In road racing’s tactical environment, fortunes can change very rapidly, but Hansen urges: “Never give up, not in any situation” – as fate can turn in your favour equally fast. Testing his limits year on year in Grand Tours has developed his mental endurance ahead of other events: “I am so relaxed going into a race, knowing anything else I try cannot be as hard.”
In at the deep end
Winter is the season of suffering. Improving your mental resilience will increase your capacity to withstand turbo torture and A-road agony. Most of us already struggle to fit training in and around our busy lives, so adding extra sessions to focus specifically on brain training is easier said than done.
Fortunately, in terms of mental resilience, we are already training our minds in our regular training and races. Pressing on to finish a three-minute interval at maximal effort, for instance, is going to be cognitively taxing as well as physically. Even so, specific mind-training is important. In the same way that sprinting on the bike can’t replace focused weight training at the gym, your regular training will benefit from sessions designed to tax your mind.
There are two ways to approach increasing your mental resilience. The first is concurrent brain-endurance training: this is where a cognitive task is performed at the same time as the physical task of cycling. In this way “your brain is more engaged,” says Marcora. The second is the pre-fatiguing method, which involves performing a cognitive task before a session on the bike.
In his scientific studies, Marcora uses a Stroop test as the cognitive task – which requires the subject to say the word, not the colour. For example, if the word shown was ‘blue’, printed in red ink, the required answer would be blue. It sounds simple, but a tired mind can easily confuse the priorities.
Accruing mental fatigue pre-workout is forced on to many of us. A day’s work, for example, provides similar levels of fatigue as a targeted task. Instead of doing your session later in the evening, after a post-work mental reset, train while mentally fatigued to improve your mental resilience. “Not all training sessions should be done in an optimal psychological or physiological state,” Marcora clarifies.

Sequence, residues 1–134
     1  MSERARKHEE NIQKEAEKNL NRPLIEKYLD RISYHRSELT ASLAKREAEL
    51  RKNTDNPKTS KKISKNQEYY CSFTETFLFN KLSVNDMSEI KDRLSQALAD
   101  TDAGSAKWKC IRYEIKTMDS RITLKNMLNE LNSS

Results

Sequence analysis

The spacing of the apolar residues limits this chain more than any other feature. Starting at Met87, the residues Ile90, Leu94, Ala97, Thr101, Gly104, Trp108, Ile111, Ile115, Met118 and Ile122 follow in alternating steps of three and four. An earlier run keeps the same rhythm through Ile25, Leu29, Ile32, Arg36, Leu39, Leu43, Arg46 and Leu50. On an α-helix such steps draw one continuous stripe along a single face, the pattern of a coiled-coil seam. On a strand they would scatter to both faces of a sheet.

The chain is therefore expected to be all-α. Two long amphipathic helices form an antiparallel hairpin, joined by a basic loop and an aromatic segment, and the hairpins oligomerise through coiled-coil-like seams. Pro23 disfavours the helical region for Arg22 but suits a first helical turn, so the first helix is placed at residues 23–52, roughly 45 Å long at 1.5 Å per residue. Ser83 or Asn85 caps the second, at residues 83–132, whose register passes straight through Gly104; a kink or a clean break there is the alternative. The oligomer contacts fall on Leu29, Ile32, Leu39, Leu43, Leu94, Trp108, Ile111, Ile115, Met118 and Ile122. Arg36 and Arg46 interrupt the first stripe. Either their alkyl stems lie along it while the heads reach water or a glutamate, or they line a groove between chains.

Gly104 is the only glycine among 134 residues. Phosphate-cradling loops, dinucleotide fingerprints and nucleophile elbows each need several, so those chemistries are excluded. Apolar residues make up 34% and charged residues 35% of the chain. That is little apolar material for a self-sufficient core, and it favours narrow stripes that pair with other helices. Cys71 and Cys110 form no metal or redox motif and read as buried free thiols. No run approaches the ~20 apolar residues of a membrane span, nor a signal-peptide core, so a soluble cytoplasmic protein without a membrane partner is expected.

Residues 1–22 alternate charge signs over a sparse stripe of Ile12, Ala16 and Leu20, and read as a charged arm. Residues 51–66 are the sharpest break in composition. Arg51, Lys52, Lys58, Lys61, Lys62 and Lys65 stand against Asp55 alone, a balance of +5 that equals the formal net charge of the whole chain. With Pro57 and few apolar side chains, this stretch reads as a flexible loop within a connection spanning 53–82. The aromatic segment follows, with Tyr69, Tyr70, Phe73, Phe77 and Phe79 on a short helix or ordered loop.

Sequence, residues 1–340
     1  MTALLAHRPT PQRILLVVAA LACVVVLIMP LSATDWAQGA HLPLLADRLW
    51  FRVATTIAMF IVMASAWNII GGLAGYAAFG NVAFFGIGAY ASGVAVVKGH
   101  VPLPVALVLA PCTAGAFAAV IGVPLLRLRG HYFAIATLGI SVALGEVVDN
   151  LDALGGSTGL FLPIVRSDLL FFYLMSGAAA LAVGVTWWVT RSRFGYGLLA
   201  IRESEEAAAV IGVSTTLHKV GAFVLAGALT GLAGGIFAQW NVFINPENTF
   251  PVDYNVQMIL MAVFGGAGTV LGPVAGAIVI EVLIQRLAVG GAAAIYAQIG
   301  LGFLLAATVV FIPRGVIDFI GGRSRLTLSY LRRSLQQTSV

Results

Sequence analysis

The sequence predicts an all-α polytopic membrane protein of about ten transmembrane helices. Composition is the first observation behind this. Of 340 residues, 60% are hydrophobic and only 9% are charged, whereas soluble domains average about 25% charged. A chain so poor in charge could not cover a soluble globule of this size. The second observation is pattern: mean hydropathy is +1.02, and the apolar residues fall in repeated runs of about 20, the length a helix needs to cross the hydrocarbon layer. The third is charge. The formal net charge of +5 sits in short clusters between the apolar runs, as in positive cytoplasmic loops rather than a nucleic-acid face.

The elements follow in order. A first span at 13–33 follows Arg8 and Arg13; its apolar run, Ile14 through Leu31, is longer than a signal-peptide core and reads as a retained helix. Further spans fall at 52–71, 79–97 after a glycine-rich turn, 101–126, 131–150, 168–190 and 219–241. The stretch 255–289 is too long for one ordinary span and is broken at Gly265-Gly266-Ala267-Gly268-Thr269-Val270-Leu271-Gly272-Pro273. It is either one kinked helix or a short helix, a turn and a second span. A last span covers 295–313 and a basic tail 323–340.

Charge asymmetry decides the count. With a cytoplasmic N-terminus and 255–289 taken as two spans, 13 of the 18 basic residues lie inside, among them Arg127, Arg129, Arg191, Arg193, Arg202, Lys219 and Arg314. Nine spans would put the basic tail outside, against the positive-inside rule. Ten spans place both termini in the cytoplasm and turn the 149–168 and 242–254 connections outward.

It’s the sessions you least want to do that provide the greatest benefit. “If you don’t enjoy something and have to force yourself to do it, it is much more mentally fatiguing,” says Marcora. Simply being ‘hard’ or ‘demanding’ isn’t enough to guarantee something stimulates this form of training gain.
Of course, you should refrain from mentally fatiguing training or tasks before a target event. “It’s similar to doing a high-intensity training session – the training is beneficial but you wouldn’t do it just before a race,” says Marcora. Race day must be stress-free. Plan the day’s procedures well beforehand so you are not having to make draining decisions pre-race. Over the two or three days before, make kit choices, refine your race day schedule and dial your bike setup.
Even if this hasn’t motivated you to incorporate adversity sessions, next time you’ve had a tough day, take solace from the fact you’re training another aspect of your fitness. Don’t be disheartened if your figures are lower; simply save your high-intensity efforts for another day.
It is clear that mental fortitude is an essential part of racing; it is not necessarily the strongest who wins, but the rider with the most grit. You can be as fit as you like, but if you can’t hack it when the unexpected is thrown your way, that’s a missed opportunity to excel. When the going gets tough, others will crumble. Your mental resilience can be improved through adversity training, whether this is by the conscious inclusion of specific sessions, or just by re-thinking how you factor-in the unplanned stresses of life. Indoors or outside, doing it once a week is all that’s needed for progression. Engage your mind, add grit, and your legs will do the rest.
This feature originally appeared in the print edition of Cycling Weekly, on sale in newsagents and supermarkets, priced £3.25.